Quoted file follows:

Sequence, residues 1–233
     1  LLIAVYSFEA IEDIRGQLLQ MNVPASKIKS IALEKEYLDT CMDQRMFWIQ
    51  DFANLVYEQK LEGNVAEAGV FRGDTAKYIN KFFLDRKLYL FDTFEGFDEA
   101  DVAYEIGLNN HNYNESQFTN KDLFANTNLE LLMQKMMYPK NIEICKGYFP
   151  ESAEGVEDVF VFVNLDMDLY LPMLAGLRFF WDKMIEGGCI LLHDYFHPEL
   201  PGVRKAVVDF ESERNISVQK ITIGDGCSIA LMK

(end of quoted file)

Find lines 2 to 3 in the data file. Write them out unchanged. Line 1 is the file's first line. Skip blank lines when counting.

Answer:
     1  LLIAVYSFEA IEDIRGQLLQ MNVPASKIKS IALEKEYLDT CMDQRMFWIQ
    51  DFANLVYEQK LEGNVAEAGV FRGDTAKYIN KFFLDRKLYL FDTFEGFDEA